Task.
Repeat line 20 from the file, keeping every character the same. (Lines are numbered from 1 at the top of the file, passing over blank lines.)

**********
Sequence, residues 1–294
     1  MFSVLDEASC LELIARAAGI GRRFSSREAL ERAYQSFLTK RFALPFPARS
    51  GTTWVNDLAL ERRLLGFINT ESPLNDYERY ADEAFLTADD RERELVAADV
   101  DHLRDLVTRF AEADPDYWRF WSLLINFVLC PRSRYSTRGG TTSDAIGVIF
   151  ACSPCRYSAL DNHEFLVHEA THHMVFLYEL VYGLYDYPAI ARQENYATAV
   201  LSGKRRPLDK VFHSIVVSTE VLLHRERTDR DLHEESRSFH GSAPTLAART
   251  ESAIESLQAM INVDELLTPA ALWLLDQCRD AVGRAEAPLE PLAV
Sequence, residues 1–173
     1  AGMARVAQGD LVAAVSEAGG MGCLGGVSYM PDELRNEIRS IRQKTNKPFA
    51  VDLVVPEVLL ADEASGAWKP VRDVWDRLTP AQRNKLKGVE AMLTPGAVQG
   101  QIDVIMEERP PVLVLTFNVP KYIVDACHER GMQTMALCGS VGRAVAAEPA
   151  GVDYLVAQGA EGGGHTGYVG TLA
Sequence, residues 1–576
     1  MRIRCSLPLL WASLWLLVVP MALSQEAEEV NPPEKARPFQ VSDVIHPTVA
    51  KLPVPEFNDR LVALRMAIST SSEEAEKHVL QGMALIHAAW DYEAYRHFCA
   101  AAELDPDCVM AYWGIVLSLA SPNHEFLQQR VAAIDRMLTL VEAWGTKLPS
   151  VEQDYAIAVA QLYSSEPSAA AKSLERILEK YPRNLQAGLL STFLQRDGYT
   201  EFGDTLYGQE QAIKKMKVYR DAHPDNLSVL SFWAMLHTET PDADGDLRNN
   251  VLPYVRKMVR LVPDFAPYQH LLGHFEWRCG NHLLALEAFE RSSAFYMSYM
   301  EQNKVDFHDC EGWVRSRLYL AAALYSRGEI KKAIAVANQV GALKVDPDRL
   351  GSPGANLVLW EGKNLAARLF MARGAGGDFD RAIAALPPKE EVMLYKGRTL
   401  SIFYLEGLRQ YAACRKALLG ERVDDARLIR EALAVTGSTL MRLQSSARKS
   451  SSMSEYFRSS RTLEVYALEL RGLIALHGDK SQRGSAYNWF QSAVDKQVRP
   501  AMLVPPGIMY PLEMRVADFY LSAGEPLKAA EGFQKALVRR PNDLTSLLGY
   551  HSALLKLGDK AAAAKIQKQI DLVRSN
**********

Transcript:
   301  EQNKVDFHDC EGWVRSRLYL AAALYSRGEI KKAIAVANQV GALKVDPDRL